Bird Vs. Bird

In 2006, Elizabeth Carey started a line of handbags. She's based out of LA, but her British husband (at the time) called her Bird (as Brits often do)
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In 2006, Elizabeth Carey started a line of handbags. She's based out of LA, but her British husband (at the time) called her Bird (as Brits often do)
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In 2006, Elizabeth Carey started a line of handbags. She's based out of LA, but her British husband (at the time) called her Bird (as Brits often do), and she named her brand after her nickname.

She was featured in Elle, picked up by Net-a-Porter and her bags were carried by one celebrity after another. In the summer of 2009, she started getting calls from friends and buyers and editors either congratulating her on her new line or asking how she was undergoing such a vast expansion.

She wasn't, but Juicy Couture was launching their new line, Bird by Juicy Couture, and when they rolled out their campaign for the August 2009 launch, Carey was screwed.

"They've got these huge ads coupled with massive Bird rooms inside each Juicy store and accompanying window space, while we've relied on word of mouth. I've tried to build a campaign, but i don't have a huge budget. For spring we took a pic of Frankie [Rayder] and wrote "Born 2006" to remind everyone when we got here. So that they don't forget about us!"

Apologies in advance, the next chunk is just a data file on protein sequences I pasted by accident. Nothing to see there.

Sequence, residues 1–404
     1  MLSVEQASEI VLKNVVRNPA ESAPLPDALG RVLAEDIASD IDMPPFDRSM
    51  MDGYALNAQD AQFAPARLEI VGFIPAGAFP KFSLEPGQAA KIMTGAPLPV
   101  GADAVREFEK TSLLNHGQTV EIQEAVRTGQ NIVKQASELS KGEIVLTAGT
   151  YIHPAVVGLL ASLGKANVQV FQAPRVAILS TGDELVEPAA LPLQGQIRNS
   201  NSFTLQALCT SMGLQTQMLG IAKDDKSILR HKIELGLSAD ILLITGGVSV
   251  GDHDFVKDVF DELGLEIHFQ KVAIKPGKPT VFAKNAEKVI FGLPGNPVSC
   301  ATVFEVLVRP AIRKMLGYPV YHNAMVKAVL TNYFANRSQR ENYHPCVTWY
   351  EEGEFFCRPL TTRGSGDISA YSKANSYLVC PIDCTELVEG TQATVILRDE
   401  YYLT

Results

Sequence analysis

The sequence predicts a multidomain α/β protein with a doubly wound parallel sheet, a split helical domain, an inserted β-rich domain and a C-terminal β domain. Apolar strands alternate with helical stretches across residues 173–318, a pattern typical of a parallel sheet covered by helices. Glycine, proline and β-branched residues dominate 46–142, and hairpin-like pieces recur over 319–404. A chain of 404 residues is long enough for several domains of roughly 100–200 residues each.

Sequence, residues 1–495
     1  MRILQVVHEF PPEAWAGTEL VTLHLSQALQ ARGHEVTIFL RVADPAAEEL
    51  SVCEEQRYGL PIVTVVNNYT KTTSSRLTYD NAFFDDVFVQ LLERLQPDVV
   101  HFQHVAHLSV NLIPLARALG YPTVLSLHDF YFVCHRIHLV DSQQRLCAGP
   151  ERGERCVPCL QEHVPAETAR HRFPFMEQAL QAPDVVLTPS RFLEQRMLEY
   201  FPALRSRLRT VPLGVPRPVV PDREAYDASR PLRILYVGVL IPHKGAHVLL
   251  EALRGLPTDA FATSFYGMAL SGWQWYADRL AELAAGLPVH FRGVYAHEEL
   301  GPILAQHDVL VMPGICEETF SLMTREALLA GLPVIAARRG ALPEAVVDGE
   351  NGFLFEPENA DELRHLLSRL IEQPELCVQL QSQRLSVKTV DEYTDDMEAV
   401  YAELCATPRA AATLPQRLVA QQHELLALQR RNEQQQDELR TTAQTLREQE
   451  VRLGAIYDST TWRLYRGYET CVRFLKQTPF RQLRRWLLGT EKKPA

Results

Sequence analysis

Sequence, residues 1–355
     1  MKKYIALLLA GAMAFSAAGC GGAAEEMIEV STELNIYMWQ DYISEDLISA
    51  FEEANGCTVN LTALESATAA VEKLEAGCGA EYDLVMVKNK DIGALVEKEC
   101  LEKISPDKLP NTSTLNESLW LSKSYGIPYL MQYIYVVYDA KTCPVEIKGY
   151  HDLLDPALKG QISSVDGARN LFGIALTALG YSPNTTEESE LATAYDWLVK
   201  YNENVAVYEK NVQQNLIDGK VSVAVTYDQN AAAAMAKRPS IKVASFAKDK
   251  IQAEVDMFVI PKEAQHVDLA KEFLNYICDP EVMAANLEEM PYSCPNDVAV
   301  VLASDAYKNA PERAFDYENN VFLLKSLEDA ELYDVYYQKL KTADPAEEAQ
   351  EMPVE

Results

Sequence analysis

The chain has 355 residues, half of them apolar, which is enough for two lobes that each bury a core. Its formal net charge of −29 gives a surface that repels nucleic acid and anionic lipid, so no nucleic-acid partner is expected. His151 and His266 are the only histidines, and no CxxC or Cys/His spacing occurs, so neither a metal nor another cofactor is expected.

She sued Juicy, and their parent company Liz Claiborne, in January after personally reaching out to Juicy co-founders Gela Nash-Taylor and Pamela Skaist-Levy (who aren't in charge anymore).

But what does Carey want, other than the obvious name change? "I want people to support young designers. I trademarked my company and did everything I was supposed to do. It's a good lesson for people who want to start a brand, to know this and know that it's out there. A big conglomerate shouldn't be allowed to do this."

She says the frustration also stems from their moving in on her market, and selling something to her customer under the same name. While it hasn't affected her business yet, at least not directly, she's afraid of what will happen in the future, and says the worst part is being ignored.

We contacted Liz Claiborne for comment and they said, "We believe the claims to be without merit, and we will defend the lawsuit vigorously.”